Public library boards have five primary roles.
To be a library advocate is to work for the betterment of library services for the community. Advocacy includes:
- Getting to know the mayor and city council
- Making sure the community’s needs and interests are paramount when making board decisions
- Pursuing opportunities to meet and speak with community groups
- Working to obtain adequate funding for the library
Planning for the Future
Planning is 1 of the most important trusts that the community gives to the Library Board. Planning is deciding what is going to happen with library services over the next few years. It is taking charge of the library’s future and creating it to be responsive to what the community needs.
Monitoring & Evaluating Effectiveness
The community puts its trust in the Library Board to make sure the library is operating the way it should. For example, the Library Board is familiar with the library’s budget (where the money is coming from and how it will be spent). The board monitors monthly financial reports and approves the bills so they can be paid. The board also helps determine whether the community is satisfied with the service received from the library.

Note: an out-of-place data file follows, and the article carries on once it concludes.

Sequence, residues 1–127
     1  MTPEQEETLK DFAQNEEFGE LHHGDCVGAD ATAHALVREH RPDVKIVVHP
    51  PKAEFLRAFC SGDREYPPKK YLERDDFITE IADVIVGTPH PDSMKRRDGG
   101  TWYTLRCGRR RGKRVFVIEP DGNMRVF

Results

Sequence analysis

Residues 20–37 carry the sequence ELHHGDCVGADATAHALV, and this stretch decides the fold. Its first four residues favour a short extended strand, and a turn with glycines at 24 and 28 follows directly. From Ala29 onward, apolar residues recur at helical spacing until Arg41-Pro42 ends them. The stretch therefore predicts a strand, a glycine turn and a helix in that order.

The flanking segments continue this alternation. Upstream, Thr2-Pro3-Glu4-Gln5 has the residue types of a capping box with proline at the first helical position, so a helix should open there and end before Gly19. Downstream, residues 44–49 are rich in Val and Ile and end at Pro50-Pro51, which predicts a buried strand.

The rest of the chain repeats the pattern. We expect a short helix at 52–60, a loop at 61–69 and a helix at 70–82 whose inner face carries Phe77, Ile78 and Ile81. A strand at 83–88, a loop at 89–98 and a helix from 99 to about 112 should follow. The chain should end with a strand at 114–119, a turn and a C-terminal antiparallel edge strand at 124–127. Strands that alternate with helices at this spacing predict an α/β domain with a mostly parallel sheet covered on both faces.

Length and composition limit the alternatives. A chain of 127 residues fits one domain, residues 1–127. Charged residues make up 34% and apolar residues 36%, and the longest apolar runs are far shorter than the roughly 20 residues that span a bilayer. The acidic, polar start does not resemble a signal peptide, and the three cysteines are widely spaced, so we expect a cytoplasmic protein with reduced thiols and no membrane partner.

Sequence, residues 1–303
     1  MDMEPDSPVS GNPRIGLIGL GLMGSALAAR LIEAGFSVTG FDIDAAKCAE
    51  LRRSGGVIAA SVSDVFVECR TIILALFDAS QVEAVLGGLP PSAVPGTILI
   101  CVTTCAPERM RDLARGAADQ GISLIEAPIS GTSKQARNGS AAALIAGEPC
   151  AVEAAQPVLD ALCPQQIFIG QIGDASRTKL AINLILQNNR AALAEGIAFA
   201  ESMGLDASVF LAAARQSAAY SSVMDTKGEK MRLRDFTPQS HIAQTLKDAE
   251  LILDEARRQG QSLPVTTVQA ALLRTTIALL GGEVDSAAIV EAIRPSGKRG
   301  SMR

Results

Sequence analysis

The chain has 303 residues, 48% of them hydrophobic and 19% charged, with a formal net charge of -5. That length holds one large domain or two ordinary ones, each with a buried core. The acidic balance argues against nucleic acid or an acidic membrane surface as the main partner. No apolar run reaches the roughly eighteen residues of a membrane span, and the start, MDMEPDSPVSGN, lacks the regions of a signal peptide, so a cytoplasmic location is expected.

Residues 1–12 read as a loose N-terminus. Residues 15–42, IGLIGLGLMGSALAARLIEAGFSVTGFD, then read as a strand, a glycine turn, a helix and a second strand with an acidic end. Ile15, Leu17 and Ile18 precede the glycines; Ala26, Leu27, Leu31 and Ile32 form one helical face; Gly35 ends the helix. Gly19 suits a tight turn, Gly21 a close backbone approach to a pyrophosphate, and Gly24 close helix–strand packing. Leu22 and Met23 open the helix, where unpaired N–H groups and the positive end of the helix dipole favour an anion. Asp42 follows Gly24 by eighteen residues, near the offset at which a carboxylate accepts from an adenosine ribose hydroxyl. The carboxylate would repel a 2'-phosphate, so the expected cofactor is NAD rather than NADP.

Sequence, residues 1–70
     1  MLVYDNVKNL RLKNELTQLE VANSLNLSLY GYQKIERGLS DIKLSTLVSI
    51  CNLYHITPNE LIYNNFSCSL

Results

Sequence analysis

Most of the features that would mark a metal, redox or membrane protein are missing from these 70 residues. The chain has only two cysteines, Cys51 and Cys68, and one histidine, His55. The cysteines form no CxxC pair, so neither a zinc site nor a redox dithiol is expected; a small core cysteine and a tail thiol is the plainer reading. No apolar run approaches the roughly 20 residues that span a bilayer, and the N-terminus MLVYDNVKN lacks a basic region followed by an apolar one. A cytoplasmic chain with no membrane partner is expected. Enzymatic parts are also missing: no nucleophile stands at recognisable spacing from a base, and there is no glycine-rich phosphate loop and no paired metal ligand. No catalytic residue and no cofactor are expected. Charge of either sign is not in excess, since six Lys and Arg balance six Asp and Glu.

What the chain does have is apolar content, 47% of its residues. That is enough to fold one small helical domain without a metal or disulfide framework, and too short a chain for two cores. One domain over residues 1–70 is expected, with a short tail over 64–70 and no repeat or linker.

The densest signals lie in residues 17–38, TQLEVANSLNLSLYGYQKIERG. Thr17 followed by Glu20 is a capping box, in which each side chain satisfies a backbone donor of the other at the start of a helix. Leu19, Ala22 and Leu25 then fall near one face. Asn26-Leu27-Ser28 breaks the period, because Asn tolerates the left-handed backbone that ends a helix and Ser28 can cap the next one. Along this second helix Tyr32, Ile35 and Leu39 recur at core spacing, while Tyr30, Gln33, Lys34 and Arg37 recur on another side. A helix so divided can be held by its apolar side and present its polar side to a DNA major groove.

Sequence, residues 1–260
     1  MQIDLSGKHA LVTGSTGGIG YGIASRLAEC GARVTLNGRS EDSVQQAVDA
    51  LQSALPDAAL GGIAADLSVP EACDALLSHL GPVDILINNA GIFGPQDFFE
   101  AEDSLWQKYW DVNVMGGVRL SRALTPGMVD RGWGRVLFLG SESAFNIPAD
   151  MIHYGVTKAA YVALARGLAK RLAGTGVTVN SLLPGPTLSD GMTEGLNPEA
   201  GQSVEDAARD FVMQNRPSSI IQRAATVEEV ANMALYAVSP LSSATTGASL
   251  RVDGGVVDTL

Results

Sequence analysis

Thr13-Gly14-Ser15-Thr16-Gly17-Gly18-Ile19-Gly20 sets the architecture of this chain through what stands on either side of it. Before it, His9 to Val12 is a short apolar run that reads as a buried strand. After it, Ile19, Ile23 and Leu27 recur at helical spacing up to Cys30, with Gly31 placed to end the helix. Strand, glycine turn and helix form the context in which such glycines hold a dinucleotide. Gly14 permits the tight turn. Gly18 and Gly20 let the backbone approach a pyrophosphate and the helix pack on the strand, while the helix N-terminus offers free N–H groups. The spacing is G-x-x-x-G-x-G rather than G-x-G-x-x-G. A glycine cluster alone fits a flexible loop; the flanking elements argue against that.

The Library Board spends much of its time on policy issues, developing policies and monitoring the effectiveness of those policies (policy is a carefully designed, broadly stated, written guideline for actions and decision of the library). Once adopted by the board, library staff carries out the policies on a day-to-day basis.
Hire & Evaluate the Library Director
The board hires a qualified director to manage the day-to-day operations of the library and works with the director, carefully respecting each other’s roles. The board also regularly evaluates the director to make sure the library operates well and in the best interest of those the library serves.